As we prepare to celebrate the United Nation's World Press Freedom Day this Sunday, U.S. journalists and reporters from many nations are still braving death threats from Islamic terrorists across the globe.
Tragically, many journalists and photographers have already been killed by these fanatics who suddenly emerged in the 21st century as if in a time capsule from medieval times.
One of the worst attacks occurred on the morning of this January 7 in Paris when two brothers belonging to al-Qaida's branch in Yemen stormed their way into the offices of France's satirical weekly newspaper, Charlie Hebdo.
Armed with AK-47 assault rifles, those terrorists killed 11 people and injured 11 others inside the building. After the terrorists left the weekly's offices, they added to death count by killing a French National Police Officer who had just arrived at the scene. Several related attacks killed another five people in the nearby region of ile-de-France, bringing the murder toll to 16.
What did the Charlie Hebdo staff members and the other journalists do to deserve such grisly deaths? They drew satirical sketches of the Prophet Muhammad, which is perfectly legal in France and most other European democracies where freedom of expression is an enshrined right.
France, upholding its honor with typical gallic elan, responded swiftly to the attacks, rounding up known and suspected terrorists in Paris and throughout the country.
On January 11, some two million people, including more than 40 world leaders, gathered in Paris for a rally of national and global unity. Sadly, President Barack Obama was not among them.
However, American journalism itself has hardly been a pillar of courage in standing up to Islamic extremism. Only a handful of newspapers have reprinted the Charlie Hebdo cartoons. Scandinavian newspapers, with a fraction of the U.S. dailies' circulation, have reprinted dozens of those cartoons.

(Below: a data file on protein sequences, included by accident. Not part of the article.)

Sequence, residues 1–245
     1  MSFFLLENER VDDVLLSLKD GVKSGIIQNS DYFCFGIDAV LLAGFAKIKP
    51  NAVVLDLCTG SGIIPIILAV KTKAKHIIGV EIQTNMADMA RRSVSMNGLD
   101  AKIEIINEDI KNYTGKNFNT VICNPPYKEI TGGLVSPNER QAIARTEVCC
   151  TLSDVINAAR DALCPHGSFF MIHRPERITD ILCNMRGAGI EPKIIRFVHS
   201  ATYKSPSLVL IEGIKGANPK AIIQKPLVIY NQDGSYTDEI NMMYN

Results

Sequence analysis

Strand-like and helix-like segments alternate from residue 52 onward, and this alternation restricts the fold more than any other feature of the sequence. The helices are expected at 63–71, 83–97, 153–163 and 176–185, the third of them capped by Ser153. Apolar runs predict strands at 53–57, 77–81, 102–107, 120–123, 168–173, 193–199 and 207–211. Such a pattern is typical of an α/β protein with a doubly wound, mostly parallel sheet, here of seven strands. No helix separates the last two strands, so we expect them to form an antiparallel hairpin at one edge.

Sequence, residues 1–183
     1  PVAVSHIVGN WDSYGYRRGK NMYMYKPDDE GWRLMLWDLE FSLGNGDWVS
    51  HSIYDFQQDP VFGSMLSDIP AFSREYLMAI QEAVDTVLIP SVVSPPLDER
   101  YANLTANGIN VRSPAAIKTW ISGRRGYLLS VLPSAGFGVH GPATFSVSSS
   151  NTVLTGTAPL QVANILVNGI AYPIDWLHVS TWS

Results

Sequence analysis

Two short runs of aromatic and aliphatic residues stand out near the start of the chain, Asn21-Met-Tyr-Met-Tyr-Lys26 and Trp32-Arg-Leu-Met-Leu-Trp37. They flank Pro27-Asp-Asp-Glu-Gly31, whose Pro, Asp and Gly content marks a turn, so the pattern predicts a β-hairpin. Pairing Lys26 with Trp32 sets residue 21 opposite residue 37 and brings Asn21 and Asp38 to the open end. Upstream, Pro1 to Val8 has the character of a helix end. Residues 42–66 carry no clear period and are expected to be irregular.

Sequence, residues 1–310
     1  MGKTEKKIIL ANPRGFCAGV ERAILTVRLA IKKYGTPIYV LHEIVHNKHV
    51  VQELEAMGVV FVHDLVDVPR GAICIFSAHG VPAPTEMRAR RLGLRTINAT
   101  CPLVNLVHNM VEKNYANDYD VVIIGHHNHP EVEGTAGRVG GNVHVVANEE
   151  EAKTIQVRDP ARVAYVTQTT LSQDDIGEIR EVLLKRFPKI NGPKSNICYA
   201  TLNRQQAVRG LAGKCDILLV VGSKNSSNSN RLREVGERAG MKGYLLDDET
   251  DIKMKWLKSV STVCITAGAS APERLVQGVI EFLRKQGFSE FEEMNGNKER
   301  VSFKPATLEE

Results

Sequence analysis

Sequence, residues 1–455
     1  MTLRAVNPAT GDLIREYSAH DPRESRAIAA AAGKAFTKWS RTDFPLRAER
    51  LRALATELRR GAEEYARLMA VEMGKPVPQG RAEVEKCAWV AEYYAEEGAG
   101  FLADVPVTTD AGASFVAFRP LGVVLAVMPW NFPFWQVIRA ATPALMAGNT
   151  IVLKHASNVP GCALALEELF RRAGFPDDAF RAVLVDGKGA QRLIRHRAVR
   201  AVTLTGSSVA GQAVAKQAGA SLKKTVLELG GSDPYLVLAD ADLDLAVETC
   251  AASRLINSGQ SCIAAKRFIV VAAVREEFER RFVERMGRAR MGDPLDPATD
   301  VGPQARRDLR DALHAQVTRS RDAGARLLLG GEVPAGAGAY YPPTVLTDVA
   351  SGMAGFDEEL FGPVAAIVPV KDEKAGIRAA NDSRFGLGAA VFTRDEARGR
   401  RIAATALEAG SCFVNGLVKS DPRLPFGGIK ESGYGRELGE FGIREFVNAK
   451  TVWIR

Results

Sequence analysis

This coming Sunday is a perfect time for American newspapers and television networks to show solidarity with their martyred colleagues by displaying one or more of the cartoons criticizing the Prophet Mohammed that prompted such violent reprisals.
It would be wonderful, indeed, if most of the 1,400 American daily newspapers and the 1,700-plus TV stations displayed at least one of the offending cartoons that led to the deaths of their heroic colleagues abroad.
Leading American organizations of journalists also should also make major statements that show unbridled support for World Press Freedom Day.
Sigma Delta Chi, the Society of Professional Journalists, and the Columbia University School of Journalism could sponsor a daylong event in the ballroom of the National Press Club in Washington sometime this summer to honor this most basic freedom.
As United Nations Secretary-General Ban Ki-Moon recently declared: "Only when journalists are at liberty to monitor, investigate and criticize policies and actions can good governance exist."
He's right. It's time for American newspapers and TV stations to show their mettle by running one of the many cartoons of the Prophet Muhammad _ not to insult Muslims, but merely to show the world that freedom of the press remains sacrosanct in the United States.